After fleeing to London and Barcelona for film financing, Woody Allen’s back in Manhattan where he belongs, reviving a screenplay he first wrote more than 30 years ago for Zero Mostel. After Mostel’s death, Allen shelved the script but decided to retool it specifically to fit the talents of Larry David (“Curb Your Enthusiasm”).
“I’m not a likeable guy…and this is not a feel-good movie,” misanthropic Boris Yellnikoff (David) confesses directly into the camera as the story begins. He’s a recently divorced, former physics professor who was once “almost nominated” for the Nobel Prize for Quantum Mechanics. Having miraculously survived a suicide leap from the luxurious uptown apartment belonging to his now-ex-wife (Carolyn McCormick), slovenly Boris lives in despair in a hovel near Chinatown, grudgingly teaching chess to “imbecilic” children and hanging out with his cronies (Michael McKean, Conleth Hill) who put up with his cantankerous pontifications.
One night, a hungry, rain-drenched, teenage runaway, Melody St. Ann Celestine (Evan Rachel Wood), seeks shelter in his dingy apartment. She’s escaping from Mississippi and the repressiveness of the Deep South. Admittedly dim-witted, this cheerful, dewy-eyed innocent insinuates herself into Boris’ life, calming his panic attacks by watching old Fred Astaire movies on television with him and cooking crawfish dinners. But when it becomes obvious that lonely Melody has a crush on Boris, he urges her to find someone her own age, only to realize he really loves her. So they get married and live contentedly until her mother (Patricia Clarkson) and then her father (Ed Begley Jr.) unexpectedly show up. Capricious complications occur as partners change and form amusingly unanticipated, far-fetched alliances.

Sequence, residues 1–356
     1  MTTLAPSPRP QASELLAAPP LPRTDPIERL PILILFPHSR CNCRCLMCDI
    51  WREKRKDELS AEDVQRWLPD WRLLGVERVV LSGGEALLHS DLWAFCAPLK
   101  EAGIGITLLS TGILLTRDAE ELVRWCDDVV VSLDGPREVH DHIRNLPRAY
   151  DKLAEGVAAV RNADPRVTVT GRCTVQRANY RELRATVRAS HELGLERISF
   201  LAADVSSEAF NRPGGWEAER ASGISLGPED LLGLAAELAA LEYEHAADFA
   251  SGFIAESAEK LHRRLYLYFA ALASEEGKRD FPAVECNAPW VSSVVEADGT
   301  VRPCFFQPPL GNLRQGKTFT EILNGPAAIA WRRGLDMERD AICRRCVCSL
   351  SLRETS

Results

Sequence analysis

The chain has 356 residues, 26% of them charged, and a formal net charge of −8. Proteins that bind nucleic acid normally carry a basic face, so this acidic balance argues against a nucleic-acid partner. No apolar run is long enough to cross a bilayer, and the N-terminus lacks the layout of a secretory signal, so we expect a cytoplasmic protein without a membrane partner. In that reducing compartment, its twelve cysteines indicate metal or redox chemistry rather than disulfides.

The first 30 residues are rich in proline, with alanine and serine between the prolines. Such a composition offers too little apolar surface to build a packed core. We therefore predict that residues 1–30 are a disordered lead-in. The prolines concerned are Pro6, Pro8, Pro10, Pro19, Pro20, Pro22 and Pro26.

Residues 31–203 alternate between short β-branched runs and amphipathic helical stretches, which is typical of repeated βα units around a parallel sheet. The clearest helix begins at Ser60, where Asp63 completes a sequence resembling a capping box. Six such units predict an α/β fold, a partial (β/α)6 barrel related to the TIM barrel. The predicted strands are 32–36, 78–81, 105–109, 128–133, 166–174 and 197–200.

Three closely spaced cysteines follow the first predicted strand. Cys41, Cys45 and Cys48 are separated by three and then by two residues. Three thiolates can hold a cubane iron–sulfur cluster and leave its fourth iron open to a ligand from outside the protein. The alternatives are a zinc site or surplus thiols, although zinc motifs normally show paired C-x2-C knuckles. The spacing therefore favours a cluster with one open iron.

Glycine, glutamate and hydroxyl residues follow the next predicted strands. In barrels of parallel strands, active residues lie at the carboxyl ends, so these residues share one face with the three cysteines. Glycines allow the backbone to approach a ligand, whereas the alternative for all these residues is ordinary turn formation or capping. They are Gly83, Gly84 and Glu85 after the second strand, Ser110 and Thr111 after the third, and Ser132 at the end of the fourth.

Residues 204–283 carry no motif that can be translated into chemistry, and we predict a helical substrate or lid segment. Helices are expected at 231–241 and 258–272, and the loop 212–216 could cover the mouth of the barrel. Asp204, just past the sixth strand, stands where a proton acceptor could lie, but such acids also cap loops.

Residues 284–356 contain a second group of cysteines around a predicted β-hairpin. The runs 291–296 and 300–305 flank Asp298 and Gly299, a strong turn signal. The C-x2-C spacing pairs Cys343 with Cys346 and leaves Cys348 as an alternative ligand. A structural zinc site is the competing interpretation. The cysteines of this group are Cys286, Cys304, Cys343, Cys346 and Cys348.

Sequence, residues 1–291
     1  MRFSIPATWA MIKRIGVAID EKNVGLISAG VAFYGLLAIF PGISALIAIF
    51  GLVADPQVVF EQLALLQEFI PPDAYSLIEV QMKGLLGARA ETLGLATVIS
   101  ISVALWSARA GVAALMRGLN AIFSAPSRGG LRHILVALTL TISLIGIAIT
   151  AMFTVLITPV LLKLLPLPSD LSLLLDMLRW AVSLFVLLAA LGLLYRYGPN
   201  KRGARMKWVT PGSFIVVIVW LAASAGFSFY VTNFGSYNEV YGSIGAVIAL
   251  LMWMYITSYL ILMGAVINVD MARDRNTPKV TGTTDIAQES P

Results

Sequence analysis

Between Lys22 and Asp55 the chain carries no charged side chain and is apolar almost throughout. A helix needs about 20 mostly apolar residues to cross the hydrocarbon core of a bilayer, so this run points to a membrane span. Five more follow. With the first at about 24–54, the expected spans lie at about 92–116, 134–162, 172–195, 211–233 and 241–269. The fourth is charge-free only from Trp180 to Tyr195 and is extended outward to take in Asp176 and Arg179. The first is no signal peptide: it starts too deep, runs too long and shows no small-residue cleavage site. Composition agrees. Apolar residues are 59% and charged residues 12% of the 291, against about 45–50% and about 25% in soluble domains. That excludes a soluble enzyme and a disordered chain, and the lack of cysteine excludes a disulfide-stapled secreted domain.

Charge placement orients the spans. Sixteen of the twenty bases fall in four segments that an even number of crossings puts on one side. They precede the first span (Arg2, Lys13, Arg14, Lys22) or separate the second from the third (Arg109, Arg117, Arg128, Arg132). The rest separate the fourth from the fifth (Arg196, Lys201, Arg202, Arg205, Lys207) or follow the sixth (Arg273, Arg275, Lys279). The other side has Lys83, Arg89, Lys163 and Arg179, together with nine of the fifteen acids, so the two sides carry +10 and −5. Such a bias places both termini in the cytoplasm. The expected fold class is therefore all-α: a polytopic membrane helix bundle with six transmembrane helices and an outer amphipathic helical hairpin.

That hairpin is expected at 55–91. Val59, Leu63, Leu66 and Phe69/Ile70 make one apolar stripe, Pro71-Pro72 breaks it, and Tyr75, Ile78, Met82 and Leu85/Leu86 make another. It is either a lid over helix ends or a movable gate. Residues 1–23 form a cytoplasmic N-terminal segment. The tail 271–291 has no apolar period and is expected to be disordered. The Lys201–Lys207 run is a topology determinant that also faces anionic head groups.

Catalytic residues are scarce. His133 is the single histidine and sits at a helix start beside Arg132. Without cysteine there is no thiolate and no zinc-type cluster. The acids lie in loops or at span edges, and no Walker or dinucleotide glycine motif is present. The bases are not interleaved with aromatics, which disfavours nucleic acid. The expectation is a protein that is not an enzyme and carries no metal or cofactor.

Larry David makes a terrific alter-ego for Woody Allen, complete with his uniquely skewed, hypochondriac’s view of the universe, love for classical music and disdain for rock ‘n’ roll, and Evan Rachel Wood is a charmingly credible foil. On the Granger Movie Gauge of 1 to 10, “Whatever Works” is a familiarly farcical 8, advocating a non-judgmental attitude about the diverse choices people make to find happiness.